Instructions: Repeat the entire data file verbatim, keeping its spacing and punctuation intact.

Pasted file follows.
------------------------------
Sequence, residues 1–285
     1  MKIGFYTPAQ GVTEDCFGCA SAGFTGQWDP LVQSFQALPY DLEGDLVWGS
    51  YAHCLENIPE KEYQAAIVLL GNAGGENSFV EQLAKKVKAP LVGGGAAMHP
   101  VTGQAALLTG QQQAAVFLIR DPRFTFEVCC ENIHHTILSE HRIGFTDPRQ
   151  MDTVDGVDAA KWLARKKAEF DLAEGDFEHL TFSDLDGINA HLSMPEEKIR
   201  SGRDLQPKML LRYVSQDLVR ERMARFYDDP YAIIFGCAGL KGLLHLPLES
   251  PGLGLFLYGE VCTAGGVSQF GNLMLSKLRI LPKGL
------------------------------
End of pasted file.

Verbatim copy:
Sequence, residues 1–285
     1  MKIGFYTPAQ GVTEDCFGCA SAGFTGQWDP LVQSFQALPY DLEGDLVWGS
    51  YAHCLENIPE KEYQAAIVLL GNAGGENSFV EQLAKKVKAP LVGGGAAMHP
   101  VTGQAALLTG QQQAAVFLIR DPRFTFEVCC ENIHHTILSE HRIGFTDPRQ
   151  MDTVDGVDAA KWLARKKAEF DLAEGDFEHL TFSDLDGINA HLSMPEEKIR
   201  SGRDLQPKML LRYVSQDLVR ERMARFYDDP YAIIFGCAGL KGLLHLPLES
   251  PGLGLFLYGE VCTAGGVSQF GNLMLSKLRI LPKGL